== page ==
Cherry Hill resident Melissa Bergstrom calls Erlton South home, along with her husband and three children. She’s just finished up the school year as a third-grade teacher at A. Russell Knight Elementary School, and is looking forward to having a (relatively) relaxing summer ahead.
Part of that relaxation is a five-day trip she is about to take to the Dominican Republic bridging the last week of June and first week of July. While there, she’ll take in the tropical scenery by playing two rounds of golf at two golf courses.
It sounds idyllic, until you find out the reason for the getaway – Bergstrom suffers from a serious heart issue, Arrythmogenic Right Ventricular Dysplasia, which is sometimes called Arrythmogenic Right Ventricular Cardiomyopathy. She’ll go on the dime of Round of a Lifetime, an organization that seeks to promote heart health and to provide those with congenital heart issues with a world-class golf experience.
According to its website, Round of a Lifetime was founded in 2010 after 24-year-old golf enthusiast Andrew Maciey passed away from a heart defect known as Familial Dilated Cardiomyopathy.
“I initially found out about it through a friend at work whose son went on a similar trip last year,” Bergstrom related in a phone conversation with The Sun shortly before departure.
A native of Haddonfield who attended Haddon Elementary, Haddonfield Middle School and then was a member of Haddonfield Memorial High School’s class of 1995, Bergstrom wasn’t always in tune with the sport.
“I didn’t start playing golf until my late 20s. I happened to pick it up after my brother played it. I grew up in an athletic family. I started playing before I was diagnosed with a heart problem, and when I found out I had a heart problem, it was one of the things that I could still be able to do, other than walking,” she explained.
“My two oldest boys are 8 and 10, and we get to play with them. I like that it’s the kind of sport you can play whether you’re 8 or 80. After everything I’ve been through, my favorite part of the game is just being out in nature, but I also like its challenges. Nobody realizes just how involved and challenging the game it is. It’s a big mental game as well.”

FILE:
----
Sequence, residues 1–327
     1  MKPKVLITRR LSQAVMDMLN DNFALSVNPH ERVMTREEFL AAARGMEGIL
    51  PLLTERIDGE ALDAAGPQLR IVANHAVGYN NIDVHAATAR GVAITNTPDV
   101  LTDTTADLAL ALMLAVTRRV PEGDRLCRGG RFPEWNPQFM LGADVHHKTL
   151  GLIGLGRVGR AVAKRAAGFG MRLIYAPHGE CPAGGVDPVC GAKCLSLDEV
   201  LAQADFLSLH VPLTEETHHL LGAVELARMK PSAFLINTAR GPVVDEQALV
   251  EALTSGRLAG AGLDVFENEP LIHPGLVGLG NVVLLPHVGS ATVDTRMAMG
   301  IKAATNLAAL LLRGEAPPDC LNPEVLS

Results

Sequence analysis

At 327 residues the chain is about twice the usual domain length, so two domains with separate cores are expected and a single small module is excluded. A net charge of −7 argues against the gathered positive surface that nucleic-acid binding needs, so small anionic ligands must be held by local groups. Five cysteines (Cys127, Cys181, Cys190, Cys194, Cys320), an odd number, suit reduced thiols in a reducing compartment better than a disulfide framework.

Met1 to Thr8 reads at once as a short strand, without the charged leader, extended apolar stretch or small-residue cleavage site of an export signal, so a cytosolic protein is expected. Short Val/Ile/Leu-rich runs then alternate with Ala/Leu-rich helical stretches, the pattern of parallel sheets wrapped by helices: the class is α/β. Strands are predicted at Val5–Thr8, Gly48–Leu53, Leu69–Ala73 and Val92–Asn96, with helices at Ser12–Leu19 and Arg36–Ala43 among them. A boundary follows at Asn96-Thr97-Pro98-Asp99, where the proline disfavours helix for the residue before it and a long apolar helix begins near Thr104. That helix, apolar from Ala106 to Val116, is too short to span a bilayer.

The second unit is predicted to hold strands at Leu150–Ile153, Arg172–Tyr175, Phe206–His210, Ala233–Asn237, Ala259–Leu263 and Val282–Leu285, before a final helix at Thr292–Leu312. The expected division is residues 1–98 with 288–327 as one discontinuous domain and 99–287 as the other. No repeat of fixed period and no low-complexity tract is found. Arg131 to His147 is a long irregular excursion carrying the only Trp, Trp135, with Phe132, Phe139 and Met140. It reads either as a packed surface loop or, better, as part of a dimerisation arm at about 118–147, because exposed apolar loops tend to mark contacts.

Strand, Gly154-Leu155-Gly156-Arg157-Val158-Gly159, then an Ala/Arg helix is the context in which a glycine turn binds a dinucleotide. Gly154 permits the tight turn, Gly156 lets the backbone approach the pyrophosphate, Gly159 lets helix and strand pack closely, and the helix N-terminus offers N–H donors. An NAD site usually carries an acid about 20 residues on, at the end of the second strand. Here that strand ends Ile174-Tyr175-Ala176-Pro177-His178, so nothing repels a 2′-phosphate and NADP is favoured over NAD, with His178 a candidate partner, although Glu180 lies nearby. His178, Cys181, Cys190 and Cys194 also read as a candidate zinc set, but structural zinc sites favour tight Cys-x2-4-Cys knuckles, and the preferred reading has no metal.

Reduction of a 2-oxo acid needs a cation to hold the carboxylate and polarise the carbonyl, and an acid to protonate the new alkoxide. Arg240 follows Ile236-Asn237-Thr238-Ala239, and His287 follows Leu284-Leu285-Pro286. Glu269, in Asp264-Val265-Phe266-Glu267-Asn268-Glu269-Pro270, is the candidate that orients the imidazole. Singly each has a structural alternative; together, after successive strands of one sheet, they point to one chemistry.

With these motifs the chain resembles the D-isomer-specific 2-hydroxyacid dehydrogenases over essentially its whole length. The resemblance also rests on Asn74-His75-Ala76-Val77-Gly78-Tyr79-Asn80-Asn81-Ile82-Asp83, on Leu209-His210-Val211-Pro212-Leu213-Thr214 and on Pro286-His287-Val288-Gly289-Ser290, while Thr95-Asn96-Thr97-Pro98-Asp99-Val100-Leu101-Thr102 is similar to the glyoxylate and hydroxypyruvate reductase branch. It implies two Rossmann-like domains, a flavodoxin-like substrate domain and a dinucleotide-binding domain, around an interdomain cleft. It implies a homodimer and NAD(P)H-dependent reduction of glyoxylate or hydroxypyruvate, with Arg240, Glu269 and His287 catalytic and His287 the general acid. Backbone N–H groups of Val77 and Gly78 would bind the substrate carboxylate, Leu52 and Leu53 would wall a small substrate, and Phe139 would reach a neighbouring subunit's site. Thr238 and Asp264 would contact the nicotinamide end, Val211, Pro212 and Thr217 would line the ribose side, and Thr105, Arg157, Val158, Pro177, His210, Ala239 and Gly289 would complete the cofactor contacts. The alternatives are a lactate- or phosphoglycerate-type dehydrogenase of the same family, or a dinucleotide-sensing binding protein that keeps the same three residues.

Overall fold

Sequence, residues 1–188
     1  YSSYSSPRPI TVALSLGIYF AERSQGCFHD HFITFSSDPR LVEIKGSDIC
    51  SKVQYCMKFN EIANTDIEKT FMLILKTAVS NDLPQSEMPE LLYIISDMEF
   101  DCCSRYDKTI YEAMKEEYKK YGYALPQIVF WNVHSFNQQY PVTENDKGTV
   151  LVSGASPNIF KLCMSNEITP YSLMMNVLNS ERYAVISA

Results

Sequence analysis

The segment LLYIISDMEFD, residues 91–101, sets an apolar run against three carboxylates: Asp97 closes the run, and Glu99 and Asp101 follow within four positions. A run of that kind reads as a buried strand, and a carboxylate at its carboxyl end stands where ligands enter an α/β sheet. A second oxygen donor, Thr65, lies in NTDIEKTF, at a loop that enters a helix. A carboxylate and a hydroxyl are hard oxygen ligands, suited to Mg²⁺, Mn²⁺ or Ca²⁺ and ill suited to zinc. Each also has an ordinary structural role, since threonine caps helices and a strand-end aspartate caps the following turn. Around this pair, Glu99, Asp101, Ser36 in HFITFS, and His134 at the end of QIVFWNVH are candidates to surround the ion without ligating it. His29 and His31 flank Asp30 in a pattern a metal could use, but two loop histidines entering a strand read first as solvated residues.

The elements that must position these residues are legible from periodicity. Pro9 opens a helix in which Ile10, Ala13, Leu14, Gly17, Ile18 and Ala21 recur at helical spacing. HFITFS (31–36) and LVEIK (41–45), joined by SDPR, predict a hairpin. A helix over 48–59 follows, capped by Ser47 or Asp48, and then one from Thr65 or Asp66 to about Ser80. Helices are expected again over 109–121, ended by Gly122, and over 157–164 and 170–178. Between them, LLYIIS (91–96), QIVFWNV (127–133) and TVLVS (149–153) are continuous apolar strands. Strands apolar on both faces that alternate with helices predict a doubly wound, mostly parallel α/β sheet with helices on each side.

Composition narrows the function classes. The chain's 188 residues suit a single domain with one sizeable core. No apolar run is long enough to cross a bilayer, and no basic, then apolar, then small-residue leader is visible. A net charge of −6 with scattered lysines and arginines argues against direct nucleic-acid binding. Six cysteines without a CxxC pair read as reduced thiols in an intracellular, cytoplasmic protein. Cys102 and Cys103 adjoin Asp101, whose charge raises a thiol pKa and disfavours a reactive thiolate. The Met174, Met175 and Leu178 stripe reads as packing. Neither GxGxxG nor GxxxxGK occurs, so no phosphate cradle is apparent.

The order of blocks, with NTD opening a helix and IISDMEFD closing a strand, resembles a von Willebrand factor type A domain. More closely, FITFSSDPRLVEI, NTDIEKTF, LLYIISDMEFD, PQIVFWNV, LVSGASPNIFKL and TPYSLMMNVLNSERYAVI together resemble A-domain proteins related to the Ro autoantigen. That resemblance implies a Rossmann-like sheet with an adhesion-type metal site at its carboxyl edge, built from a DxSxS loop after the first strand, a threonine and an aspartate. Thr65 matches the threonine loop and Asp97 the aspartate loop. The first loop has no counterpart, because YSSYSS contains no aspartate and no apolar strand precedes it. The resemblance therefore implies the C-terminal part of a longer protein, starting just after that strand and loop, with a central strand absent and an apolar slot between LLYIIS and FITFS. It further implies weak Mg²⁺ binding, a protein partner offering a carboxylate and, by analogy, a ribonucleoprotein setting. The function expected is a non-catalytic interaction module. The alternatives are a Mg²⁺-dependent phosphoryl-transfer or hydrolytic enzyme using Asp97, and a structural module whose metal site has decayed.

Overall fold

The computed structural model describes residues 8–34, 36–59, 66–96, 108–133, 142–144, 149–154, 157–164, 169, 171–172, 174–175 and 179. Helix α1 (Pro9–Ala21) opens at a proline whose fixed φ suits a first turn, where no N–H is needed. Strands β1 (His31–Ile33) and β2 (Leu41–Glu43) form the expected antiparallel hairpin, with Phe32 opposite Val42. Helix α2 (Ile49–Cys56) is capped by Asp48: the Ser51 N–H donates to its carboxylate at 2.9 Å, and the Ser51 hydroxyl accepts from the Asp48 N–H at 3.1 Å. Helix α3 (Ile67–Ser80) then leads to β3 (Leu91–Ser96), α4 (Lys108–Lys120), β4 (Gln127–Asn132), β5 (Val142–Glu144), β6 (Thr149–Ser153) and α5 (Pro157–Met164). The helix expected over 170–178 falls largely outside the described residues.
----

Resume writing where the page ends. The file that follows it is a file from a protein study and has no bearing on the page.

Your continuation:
The genesis of her involvement with the charity can be traced back to June 2, 2006, when Bergstrom’s younger brother died at the age of 25 from sudden cardiac arrest. Until then, nobody in the family had a clue a potentially-fatal heart defect was lurking.
In the wake of the tragedy, Bergstrom, her parents and sister got complete medical work-ups to try and uncover the secrets behind the affliction.
For Bergstrom herself, nothing showed until September of 2008, when she was seven weeks pregnant with her first child. On an otherwise uneventful but warm day, she was having early pregnancy symptoms, then shortly thereafter went into full cardiac arrest. She was rushed to the hospital and medical personnel had to use defibrillators to bring her back to life.
Fully cognizant of the condition and its seriousness, Bergstrom revealed she spent three weeks in three hospitals, and left with a defibrillator implanted into her chest. Her son was born nine months later and though it was discovered that he carries the gene, he is perfectly healthy.
“Research at Johns Hopkins has shown that the more high impact a particular cardio exercise is done, the higher the risk for symptoms. Golf is perfect because it is a slow-paced, walking sport,” Bergstrom added. “Most people who have the disease don’t know, or won’t know they have it until they die because of it.”
Since the defibrillator has been put in, Bergstrom said she hasn’t been shocked by it once, and her symptoms have never come back while playing golf – thanks to strict adherence to medical advice.
Though outwardly a happy occasion, Bergstrom is well aware of the recent news reports surrounding crime and death in the nation of almost 11 million, but she’s confident in the itinerary.
“We’ll be staying at the Westin Resort in Punta Cana. As a mother of three, I’d be lying if I said there wasn’t some fear, but I’m confident in where we’re staying and where we’re going,” she said.
“The incidents have been centered at two resorts, and we’re not going to either. Still, the fact that they happened so close together, it tends to give one perspective.”
For more information about the organization, visit http://www.roundofalifetime.com/.